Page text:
Twenty-third Amendment to the United States Constitution

The Twenty-third Amendment (Amendment XXIII) to the United States Constitution extends the right to vote in the presidential election to citizens residing in the District of Columbia by granting the District electors in the Electoral College, as if it were a state. The amendment was proposed by the 86th Congress on June 16, 1960, and ratified by the states on March 29, 1961.

The Electoral College, established in Article II, Section 1, Clause 2 of the United States Constitution, is the institution that officially elects the President and Vice President of the United States every four years. The President and Vice President are not elected directly by the voters. Instead, they are elected by "electors" who are chosen by popular vote on a state-by-state basis. As the District of Columbia is not a state, it was not entitled to any electors prior to the adoption of the Twenty-third Amendment. Citizens living in the district were therefore, shut out from the presidential–vice presidential election process. The first presidential election in which the District of Columbia participated was the election of 1964.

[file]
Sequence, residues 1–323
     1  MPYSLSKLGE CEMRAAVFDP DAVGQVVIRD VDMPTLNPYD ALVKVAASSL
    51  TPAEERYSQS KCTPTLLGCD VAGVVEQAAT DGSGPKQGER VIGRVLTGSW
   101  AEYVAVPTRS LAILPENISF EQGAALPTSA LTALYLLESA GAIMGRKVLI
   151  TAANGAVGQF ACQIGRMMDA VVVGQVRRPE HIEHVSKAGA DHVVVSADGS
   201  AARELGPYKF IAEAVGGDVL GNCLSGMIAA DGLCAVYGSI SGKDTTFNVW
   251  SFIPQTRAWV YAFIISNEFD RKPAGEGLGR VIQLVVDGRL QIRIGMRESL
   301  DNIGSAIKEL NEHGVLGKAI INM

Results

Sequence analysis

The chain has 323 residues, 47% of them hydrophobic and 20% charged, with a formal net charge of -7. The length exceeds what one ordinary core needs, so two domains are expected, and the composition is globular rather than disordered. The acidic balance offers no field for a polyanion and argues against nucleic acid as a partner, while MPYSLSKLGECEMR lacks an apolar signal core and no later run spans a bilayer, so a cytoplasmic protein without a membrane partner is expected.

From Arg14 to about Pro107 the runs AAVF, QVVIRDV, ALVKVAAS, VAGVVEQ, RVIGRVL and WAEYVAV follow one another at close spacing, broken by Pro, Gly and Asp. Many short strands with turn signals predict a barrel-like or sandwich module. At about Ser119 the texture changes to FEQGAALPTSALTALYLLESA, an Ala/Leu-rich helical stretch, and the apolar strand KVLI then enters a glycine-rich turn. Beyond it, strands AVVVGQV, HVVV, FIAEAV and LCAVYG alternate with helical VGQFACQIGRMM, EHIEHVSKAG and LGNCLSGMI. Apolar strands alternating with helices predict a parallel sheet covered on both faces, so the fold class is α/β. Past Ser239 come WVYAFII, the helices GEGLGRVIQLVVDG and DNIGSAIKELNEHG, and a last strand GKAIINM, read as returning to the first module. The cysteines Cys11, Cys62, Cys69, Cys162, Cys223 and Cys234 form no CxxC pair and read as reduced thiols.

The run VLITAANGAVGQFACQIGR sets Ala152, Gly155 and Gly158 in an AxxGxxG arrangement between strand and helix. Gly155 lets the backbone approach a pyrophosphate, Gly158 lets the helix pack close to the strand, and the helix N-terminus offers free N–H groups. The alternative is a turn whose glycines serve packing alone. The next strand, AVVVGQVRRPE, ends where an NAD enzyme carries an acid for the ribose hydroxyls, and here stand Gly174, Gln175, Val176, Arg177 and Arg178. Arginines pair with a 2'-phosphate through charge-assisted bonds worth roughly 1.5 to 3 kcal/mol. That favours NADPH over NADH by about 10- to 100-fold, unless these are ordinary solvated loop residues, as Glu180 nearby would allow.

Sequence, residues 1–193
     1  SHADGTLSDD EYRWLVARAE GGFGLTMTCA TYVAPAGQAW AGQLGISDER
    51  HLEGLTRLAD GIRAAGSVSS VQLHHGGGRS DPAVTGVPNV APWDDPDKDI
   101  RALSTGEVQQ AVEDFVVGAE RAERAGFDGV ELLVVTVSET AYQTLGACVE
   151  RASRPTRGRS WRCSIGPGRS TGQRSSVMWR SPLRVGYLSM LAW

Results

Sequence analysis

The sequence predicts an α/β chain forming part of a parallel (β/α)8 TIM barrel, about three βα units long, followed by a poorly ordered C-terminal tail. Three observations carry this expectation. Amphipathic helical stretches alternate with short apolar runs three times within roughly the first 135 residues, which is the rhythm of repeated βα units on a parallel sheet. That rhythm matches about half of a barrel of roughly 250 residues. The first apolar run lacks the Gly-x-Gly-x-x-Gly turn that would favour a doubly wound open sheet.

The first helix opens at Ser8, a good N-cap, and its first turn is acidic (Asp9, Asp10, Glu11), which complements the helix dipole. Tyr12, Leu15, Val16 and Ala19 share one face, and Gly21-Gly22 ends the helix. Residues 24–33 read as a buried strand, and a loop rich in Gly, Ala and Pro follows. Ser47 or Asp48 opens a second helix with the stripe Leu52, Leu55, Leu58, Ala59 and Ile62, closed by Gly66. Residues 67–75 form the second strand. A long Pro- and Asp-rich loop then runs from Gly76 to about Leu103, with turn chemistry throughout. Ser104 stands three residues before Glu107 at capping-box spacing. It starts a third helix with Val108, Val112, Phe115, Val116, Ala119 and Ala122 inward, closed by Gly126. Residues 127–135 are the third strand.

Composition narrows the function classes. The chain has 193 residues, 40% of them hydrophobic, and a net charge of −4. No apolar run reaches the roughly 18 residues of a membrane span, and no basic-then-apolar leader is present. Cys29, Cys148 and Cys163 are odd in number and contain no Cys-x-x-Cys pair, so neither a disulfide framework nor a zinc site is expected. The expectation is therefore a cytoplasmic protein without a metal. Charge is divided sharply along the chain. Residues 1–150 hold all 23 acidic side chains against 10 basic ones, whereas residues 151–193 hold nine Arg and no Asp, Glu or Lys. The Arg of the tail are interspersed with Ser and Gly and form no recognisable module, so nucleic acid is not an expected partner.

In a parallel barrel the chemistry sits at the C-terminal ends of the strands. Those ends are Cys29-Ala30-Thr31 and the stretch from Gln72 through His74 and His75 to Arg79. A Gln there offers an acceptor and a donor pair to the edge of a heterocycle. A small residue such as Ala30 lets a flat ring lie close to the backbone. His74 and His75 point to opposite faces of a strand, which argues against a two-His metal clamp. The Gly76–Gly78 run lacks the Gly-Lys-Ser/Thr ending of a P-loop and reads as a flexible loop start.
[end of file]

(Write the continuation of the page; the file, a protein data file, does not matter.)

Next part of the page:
According to the terms of the amendment, the district is allocated as many electors as it would have if it were a state, but no more electors than the least populous state. The least populous state, Wyoming, has three electors; thus, the district cannot have more than three electors. Even if it were a state, the district's population would entitle it to only three electors. Since the passage of this amendment, the District's electoral votes have been cast for the Democratic Party's presidential and vice presidential candidates in every election.

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Primary Sources

The U.S. Constitution

American History

Political History

The Postwar and Modern Age (1945-present)

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